When they were teenagers, Mr. Hirschfeld was a waiter at Burger Heaven and Mrs. Hirschfeld was a hostess. “We were used to working in and around small businesses,” she said.

The two brothers used their personal savings to develop a prototype of their online business, which always involved a combination of free offers, to attract users, and paid premium services such as personalization. (Nowadays, sending digital invitations with personalized touches like special artwork and lined envelopes to 20 people can cost around $70.)

When the brothers began pitching the concept to investors in 2008, some balked at the idea that people would pay for digital invitations, no matter how good they looked, Hirschfeld said. But they convinced Ram Shriram, an early investor in Google; Mousse Partners, an investment firm for the Wertheimer family, owners of Chanel; and others to contribute nearly $1 million to their fledgling venture.

“They gave us a chance,” Ms. Hirschfeld said. Mousse Partners even set up the Hirschfelds with their first workspace: a vacant row of cubicles at the New York office of Eres, the French lingerie and swimwear brand, owned by Chanel.

When the Hirschfelds started the business, it was called Paperless Press. But a web address with that name already existed and its owner didn't want to sell it to the brothers, so within a few months they switched to a new name: Paperless Post.

Meg Hirschfeld, the Hirschfelds' mother, attributes her children's success in part to “courage and grit,” qualities they inherited from their ancestors. Ms. Hirschfeld, who gave up her career as a lawyer to raise her three children, is now the chief administrative officer of Paperless Post. Her husband, John Hirschfeld, is a real estate investor.

He said Mr. and Mrs. Hirschfeld were close siblings growing up, but had different sensibilities: He was creative and artistic, and she was outgoing and a computer whiz. Ms. Hirschfeld recalled visiting the Metropolitan Museum of Art with her son when she was in kindergarten, and how her daughter became “absolutely hooked” on an Apple computer at age 7.

The brothers' yin-yang brains are reflected in their duties at the Paperless Post. Ms. Hirschfeld oversees the operations and technology aspects of the company. Mr. Hirschfeld is responsible for business development, marketing and design, a role in which he has worked with fashion brand Oscar de la Renta and retailer John Derian.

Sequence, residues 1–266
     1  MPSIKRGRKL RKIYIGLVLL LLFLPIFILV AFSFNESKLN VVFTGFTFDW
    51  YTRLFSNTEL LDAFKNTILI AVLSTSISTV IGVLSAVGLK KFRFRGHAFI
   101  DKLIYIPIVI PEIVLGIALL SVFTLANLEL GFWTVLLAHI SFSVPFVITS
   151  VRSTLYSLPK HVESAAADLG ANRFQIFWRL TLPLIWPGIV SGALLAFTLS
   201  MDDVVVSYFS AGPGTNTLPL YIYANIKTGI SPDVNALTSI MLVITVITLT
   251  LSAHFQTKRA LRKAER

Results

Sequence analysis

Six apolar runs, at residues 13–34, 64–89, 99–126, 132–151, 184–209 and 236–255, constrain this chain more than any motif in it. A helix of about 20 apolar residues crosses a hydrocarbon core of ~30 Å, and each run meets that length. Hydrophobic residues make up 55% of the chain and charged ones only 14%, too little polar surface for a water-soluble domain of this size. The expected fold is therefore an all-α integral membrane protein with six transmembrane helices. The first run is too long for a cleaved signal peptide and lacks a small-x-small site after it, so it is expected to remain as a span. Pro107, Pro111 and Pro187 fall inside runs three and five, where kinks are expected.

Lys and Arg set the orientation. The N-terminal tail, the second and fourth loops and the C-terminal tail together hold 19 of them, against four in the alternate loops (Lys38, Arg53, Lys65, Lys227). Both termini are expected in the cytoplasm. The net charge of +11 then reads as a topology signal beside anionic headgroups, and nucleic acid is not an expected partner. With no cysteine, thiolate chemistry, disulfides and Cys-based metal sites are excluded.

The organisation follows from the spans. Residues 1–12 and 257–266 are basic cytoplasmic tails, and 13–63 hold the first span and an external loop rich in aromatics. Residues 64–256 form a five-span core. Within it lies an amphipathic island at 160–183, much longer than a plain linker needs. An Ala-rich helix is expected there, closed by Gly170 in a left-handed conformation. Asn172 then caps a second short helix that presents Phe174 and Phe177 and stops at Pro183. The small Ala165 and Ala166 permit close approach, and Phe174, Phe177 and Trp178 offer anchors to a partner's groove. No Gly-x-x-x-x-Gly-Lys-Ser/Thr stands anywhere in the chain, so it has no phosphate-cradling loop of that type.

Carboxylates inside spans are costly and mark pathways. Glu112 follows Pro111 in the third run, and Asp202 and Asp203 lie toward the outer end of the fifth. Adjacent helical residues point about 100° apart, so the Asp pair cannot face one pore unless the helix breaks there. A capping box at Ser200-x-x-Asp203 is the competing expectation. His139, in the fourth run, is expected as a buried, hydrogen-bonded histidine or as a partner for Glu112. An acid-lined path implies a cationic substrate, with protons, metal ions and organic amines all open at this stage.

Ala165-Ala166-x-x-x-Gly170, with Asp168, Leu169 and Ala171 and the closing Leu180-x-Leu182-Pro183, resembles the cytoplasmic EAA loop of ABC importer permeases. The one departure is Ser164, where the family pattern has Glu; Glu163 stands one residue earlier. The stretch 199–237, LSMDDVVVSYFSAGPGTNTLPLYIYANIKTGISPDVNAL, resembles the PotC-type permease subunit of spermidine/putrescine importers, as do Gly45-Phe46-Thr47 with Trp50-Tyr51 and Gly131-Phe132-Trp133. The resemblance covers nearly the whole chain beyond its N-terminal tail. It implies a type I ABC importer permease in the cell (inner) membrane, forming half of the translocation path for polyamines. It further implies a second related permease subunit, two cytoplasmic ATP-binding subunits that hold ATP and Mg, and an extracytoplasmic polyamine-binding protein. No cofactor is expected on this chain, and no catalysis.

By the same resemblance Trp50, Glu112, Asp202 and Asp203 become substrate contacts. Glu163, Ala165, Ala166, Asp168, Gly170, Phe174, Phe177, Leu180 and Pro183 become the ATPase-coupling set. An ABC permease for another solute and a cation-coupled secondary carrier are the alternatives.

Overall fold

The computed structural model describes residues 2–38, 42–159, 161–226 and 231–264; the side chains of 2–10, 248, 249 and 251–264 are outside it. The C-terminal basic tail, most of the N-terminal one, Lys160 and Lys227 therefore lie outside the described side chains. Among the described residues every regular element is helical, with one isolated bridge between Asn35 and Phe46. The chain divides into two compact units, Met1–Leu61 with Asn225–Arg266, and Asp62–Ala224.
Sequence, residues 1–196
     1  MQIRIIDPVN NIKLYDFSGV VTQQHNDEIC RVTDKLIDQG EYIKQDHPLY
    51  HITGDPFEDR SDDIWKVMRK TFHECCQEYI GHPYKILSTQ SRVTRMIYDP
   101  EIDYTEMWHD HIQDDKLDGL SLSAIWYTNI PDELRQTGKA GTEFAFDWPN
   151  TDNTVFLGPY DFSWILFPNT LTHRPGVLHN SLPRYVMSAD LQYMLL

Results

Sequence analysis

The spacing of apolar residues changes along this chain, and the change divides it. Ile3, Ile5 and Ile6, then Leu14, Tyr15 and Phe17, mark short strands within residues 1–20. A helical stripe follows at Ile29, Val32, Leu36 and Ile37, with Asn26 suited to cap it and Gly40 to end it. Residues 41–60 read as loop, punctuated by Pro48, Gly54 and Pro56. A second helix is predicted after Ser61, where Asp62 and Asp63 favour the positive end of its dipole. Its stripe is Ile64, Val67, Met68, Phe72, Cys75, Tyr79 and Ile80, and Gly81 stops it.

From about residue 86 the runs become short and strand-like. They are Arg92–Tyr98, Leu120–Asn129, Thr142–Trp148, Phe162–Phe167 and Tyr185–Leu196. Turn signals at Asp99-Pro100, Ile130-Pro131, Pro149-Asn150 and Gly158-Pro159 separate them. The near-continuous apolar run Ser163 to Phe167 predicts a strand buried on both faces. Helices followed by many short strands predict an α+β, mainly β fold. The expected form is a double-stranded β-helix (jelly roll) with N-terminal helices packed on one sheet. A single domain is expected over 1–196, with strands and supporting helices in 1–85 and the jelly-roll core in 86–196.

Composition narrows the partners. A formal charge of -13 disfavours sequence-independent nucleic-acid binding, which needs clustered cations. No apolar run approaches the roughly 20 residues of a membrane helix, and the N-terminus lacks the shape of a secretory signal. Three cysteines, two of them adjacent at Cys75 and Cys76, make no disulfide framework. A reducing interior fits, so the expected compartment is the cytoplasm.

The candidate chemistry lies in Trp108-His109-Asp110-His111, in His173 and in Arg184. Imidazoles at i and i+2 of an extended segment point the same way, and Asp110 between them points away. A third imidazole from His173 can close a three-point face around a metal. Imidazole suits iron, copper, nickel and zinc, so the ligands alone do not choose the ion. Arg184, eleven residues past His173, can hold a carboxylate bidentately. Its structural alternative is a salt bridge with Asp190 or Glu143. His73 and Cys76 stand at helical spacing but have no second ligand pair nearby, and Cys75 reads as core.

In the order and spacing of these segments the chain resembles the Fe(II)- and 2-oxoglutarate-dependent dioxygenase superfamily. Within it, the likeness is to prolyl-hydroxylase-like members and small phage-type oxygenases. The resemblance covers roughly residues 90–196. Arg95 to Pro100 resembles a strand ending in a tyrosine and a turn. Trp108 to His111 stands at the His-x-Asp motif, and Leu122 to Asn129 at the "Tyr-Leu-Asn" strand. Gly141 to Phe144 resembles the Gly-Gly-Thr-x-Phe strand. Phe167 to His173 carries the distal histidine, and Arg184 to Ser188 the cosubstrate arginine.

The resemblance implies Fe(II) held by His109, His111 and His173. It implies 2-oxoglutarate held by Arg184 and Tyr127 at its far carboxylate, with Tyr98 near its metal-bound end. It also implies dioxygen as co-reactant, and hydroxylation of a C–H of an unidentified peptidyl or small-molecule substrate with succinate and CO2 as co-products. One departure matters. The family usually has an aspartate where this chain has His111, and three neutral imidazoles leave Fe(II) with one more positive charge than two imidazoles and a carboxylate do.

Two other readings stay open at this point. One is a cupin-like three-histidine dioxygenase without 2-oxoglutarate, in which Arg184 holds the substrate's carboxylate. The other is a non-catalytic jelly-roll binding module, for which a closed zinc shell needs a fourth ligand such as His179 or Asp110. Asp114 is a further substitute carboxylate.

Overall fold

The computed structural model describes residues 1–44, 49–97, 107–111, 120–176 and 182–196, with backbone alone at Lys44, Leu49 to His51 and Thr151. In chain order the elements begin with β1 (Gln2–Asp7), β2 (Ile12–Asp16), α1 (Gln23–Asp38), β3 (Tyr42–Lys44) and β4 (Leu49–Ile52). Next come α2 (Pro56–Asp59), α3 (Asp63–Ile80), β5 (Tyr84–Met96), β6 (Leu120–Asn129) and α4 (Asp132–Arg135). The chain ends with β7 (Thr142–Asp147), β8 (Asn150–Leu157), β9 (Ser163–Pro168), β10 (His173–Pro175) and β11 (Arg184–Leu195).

The Hirschfelds, who each serve on Paperless Post's seven-member board of directors, are less involved in running their business today than they were 15 years ago. But both described themselves as less frenetic. Ms. Hirschfeld, who lives in the East Village, is the mother of two young children. Mr. Hirschfeld, who lives on the Upper East Side, also spends time on Long Island restoring an 1895 house he recently purchased.

In recent years, their company has had to deal not only with new competitors, but also with the tumultuous economic climate caused by the pandemic. Hirschfeld described that period as “eye watering,” explaining that sales were down between 50 and 80% in several months of 2020 compared to the same months in 2019. “Except in Florida and Texas,” he added , noting that during that time the company shifted its marketing to focus on locations with less restrictive lockdown policies.

Changes in the way people communicate (more texting, less email) have also posed challenges to Paperless Post's business model.

“In 2009 there was only paper and email,” Hirschfeld said. “Now it's DM, WhatsApp.” As a result, the company introduced products like Flyer, an informal, text-message-friendly form of invitation that's typically less expensive than Paperless Post's traditional offerings.

Chloe Malle, 38, editor of, was another skeptic of Paperless Post when it first debuted. “I liked the printed invitations,” said Ms. Malle, who was a classmate of Mr. Hirschfeld when he briefly attended Brown.

Then he started using the platform and, more recently, started receiving wedding invitations via email via Paperless Post. “This simply wouldn't have happened before,” she said. Now Ms. Malle also receives digital invitations through competitors like Partiful. But she thinks Paperless Post, just like print media, will always have its fans.

“There's room for both,” he said.